In the footsteps of Ulysses
In the footsteps of Ulysses: the Sicilian places of the most famous journey of all time
Not only Polyphemus and his cave on the slopes of Etna: unlike what is usually thought, the island’s stages of the presence of the mythical Greek hero on our island are much more numerous. Wild and spectacular in their mixture of inaccessibility and splendor, they definitively sanctioned Sicily as a land of immortal dreams
Non soltanto Polifemo e la sua grotta alle falde dell’Etna: al contrario di quanto solitamente si pensa, le tappe isolane della presenza del mitico eroe greco nella nostra isola sono ben più numerose. Selvagge e spettacolari nel loro misto di inaccessibilità e fulgore, sancirono definitivamente la Sicilia come terra di sogni immortali.
Observing the typical panorama of the faraglioni that distinguishes the acese coast, for a Sicilian it would be far from unlikely to get lost among those wonders. Not only for the romantic-contemplative force emanating from a sea with few equals, but also by virtue of an ancestral and mythological spirit that seems to hover over those places. Who, in fact, at least once, did not stop to admire the magnificence of those boulders without throwing a thought to the paradigmatic and heroic story of Ulysses and his companions? To the fury of Polyphemus who, wounded and humiliated by the famous deception, aims with their formidable bulk at the boat desperately on the run? An iconic scene, which has remained in the popular imagination also regardless of the reading of the Odyssey, which testifies not only to the fictitious presence of the great character in Sicily, but also to the story-telling power that the island was able to exert on the foundational tales of the literary West . But if you believe that the adventures of the one who devised the horse’s ruse to defeat the Trojans are limited to the fleeting confrontation with Polyphemus, you could be wrong.
It is not surprising, however, that the two great Greek poems, written in the eighth century. a.C while referring to legendary events presumably occurred between the thirteenth and twelfth centuries BC, reserve ample space for the discussion of Sicily. That in the years of composition of the two works received the first settlers, mostly from Calcide Eubea. The fertility and ease of mooring of its splendid ports, in fact, represented a wonderful opportunity for adventurers in search of business or displaced persons in search of a new life. And Ulysses himself lingered more than you think in his attempt to reach his coveted Ithaca. Arriving at the distant court of the Phaeacians – which according to some modern interpretations may have been of Sicilian origin, precisely from the territory of today’s Camarina – the hero lists the steps of his pilgrimage to his friendly guests. In addition to the episode of the Cyclops, whose location on the slopes of Etna is implied, a wooded islet is mentioned, rich in goats. Although the identification is not always easy to identify, it could be the so-called Lachea Island, the largest of the “Scogli dei Ciclopi” in Acitrezza.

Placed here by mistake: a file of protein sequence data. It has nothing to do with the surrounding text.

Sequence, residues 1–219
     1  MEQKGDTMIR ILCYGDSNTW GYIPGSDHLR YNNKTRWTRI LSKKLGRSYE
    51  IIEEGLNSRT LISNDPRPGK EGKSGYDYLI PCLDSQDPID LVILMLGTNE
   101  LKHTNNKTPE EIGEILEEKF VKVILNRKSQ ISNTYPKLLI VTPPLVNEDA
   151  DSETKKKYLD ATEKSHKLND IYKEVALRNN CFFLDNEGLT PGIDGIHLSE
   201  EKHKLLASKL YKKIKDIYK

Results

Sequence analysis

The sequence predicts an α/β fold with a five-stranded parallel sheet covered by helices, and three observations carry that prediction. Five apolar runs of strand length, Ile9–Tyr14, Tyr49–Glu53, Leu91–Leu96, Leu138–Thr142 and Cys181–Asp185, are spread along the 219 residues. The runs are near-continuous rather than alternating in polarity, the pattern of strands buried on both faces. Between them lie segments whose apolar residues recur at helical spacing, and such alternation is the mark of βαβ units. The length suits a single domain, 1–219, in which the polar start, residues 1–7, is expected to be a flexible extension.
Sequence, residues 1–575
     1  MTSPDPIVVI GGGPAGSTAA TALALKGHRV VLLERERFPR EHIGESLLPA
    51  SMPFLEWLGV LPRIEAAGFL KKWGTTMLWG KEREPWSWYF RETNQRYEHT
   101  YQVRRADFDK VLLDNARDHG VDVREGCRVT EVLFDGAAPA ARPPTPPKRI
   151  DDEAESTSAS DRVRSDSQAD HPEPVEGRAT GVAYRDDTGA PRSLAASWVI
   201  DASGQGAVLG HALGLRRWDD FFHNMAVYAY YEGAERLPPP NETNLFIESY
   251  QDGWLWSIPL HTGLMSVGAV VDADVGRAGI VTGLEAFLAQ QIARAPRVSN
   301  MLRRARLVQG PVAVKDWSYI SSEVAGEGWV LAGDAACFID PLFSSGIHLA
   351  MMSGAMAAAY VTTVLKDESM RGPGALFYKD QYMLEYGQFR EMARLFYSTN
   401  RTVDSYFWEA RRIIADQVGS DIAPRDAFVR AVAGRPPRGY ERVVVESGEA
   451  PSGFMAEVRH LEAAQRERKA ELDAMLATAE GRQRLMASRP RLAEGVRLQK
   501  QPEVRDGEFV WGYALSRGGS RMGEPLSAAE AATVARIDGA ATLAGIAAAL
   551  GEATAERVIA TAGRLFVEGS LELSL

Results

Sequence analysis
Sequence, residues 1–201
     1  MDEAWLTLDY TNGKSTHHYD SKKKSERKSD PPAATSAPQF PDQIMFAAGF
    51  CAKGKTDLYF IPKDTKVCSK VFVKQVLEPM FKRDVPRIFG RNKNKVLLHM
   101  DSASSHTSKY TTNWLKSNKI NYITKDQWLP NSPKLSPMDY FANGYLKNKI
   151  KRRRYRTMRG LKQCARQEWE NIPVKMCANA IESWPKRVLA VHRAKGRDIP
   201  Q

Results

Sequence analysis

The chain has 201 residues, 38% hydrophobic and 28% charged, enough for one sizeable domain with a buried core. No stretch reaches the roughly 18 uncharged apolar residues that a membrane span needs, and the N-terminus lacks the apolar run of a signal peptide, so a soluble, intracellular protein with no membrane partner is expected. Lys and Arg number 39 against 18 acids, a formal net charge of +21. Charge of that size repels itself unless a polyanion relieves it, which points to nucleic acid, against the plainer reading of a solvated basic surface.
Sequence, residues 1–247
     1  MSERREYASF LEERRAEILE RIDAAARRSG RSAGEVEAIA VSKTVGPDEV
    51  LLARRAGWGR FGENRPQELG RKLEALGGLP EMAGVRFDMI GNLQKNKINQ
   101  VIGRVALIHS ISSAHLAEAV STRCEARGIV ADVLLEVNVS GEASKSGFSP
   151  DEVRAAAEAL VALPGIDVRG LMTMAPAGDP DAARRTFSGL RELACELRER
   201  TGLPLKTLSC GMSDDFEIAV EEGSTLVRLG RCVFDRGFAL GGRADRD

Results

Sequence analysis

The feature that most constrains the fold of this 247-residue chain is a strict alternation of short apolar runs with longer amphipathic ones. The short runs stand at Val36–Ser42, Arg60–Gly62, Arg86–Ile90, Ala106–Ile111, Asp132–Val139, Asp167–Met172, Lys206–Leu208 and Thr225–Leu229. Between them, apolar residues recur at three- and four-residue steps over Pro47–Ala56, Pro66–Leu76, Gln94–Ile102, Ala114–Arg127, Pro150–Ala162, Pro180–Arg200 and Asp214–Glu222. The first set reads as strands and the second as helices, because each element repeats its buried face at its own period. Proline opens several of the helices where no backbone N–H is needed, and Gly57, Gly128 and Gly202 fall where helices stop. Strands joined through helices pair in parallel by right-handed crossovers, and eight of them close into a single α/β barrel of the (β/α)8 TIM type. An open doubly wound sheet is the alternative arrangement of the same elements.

It is also said that, to access this island, Ulysses and his companions dock in a small, flat harbor well protected from the winds, although covered by a thick haze. There is little doubt that the lack of visibility is due to the ashes from a volcanic eruption. The place of the berth is more clearly identified: some, with the support of Pliny the Elder, saw the town of Ognina in Catania; others have not ruled out that the reference may refer to today’s Magnisi, not far from Augusta, a small peninsula connected to the mainland by a thin isthmus. Finally, in addition to a further hint of the hero that allows us to reconstruct its presence in the Aeolian Islands, Ulysses also mentions the town of Lestrigoni, a people dedicated to sheep farming and located at a high fortress that allowed them to defend themselves easily. In ancient times, but not only, this place was identified in the Piana di Lentini, where not only the climatic and soil conditions allowed a prosperous breeding of livestock, but the high and sometimes inaccessible coast lent itself perfectly, together with its narrow port, to embody the difficult passage described by the astute Greek.
Which, in conclusion, with the retrospective stream by the people of King Alcinoo, was one of the great precursors of the myth of a Sicily as a splendid and indomitable land, difficult but captivating, florid but intricate. In fixing those images, which through their propulsive force go through the centuries until today, the author – or the authors, not to say the collectors – of the myth of Ulysses has not just codified a genre, that of the enterprising journey and exotic, but sanctioned the statute of immortality enjoyed by Sicily.
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